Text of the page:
The idea of having your home taken away from you is a scary one but is a reality that many Americans face. In fact, as the date of this article, there are currently 925,356 properties in the U.S. that are in some stage of foreclosure (default, auction, or bank-owned)! Here are five tips on how to deal with and avoid foreclosure:
Manage your budget and prioritize your spending
Budget management is essential in everyday life and becomes even more integral when facing potential foreclosure. No matter how you go about trying to solve your mortgage problem, you have to be able to budget your money and prioritize spending. If you don't already have a monthly budget, then start by keeping track of your income and expenses. After you have an idea of where your money is going, prioritize your spending. Make sure the things you absolutely need get taken care of first, rather than spending large amounts on whims and leaving bills till the end of the month to find you have barely any money left. Priorities should include utilities, mortgage payment, groceries, insurance, etc.
Get a property tax loan
Delinquent property taxes have a way of doubling up to large amounts. Then, with added penalties and fines, things soon spiral out of control. While some states have lower property tax rates, others like Texas have property tax rates that can really break the bank. If you are in fear of losing your house due to delinquent taxes, consider getting a property tax loan. By doing so, you can secure a loan to pay off hefty property taxes, and then pay back the money you owe at a schedule that fits your budget.
Know your rights
Depending on your state, foreclosure laws will address questions you may have about the process. This includes questions like how long will the process of foreclosure takes. In states with judicial foreclosure proceedings, the lender must go to court before it can foreclose, as opposed to statutory foreclosure proceedings which are generally faster. Other things to be aware of include whether the lender can sue you to collect any deficiency even after the proceedings. It is important to research the foreclosure laws in your state so that you are well aware of what you are entitled to, and not face any unpleasant surprises. Talking to your attorney could also help since foreclosure is a complicated matter.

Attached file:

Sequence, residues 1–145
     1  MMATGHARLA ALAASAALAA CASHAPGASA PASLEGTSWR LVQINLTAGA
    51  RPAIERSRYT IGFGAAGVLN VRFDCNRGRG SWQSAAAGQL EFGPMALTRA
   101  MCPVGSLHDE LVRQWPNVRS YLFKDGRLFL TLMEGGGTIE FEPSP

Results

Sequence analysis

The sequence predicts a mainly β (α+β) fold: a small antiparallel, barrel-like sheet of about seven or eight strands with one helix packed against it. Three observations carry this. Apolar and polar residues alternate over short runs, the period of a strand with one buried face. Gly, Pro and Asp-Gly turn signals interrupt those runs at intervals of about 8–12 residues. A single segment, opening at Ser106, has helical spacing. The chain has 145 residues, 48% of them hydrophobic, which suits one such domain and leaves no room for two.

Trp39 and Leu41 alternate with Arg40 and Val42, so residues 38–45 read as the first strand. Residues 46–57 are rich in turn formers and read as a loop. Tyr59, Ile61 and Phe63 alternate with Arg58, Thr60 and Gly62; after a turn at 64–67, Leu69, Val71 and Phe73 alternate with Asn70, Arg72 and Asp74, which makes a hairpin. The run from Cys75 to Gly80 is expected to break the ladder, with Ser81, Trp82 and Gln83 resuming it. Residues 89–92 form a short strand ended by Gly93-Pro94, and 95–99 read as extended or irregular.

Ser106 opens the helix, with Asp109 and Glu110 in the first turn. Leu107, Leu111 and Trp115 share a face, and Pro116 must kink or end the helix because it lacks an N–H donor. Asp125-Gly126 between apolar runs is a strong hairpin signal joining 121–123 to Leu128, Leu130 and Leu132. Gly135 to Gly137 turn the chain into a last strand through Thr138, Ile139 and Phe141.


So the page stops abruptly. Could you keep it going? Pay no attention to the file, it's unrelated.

Talk to a housing counselor
Getting a housing counselor will enable you to figure out your options if your current housing loan is unaffordable. Also, housing counselors can be relatively low-cost, and sometimes even free. The U.S. Department of Housing and Urban Development website can be used to find HUD-certified housing counselors. NeighborWorks America, a nonprofit created by Congress, promises to connect you to a live counselor through their national hotline.
Give up your house
Giving up your house is the last resort, as it can be a difficult and heartbreaking decision. However, sometimes it is the only way to avoid what will soon become a massive financial disaster, resulting in you losing your home in the end. If you think you may need to sell your home, it’s important to act quickly, while your head is still above water. You’re more likely to have more negotiating power if your property is not seen as a distressed sale. Your lender may permit you to sell your house while forgiving some portion of the remaining debt. This way, your lender avoids foreclosure costs and you avoid damaging your credit as severely. Sometimes, a lender will offer a “deed in lieu of foreclosure”. This means that you are voluntarily transferring title and you move out of your house. Even though your credit will suffer somewhat from this option, you avoid eviction and the unwanted stress that comes with foreclosure. If you decide to sell your house, ask a real estate professional to value your home and give you a list of properties that are similar to yours, showing what they have sold for. Ultimately, your house is only worth as much as someone is willing to pay for it.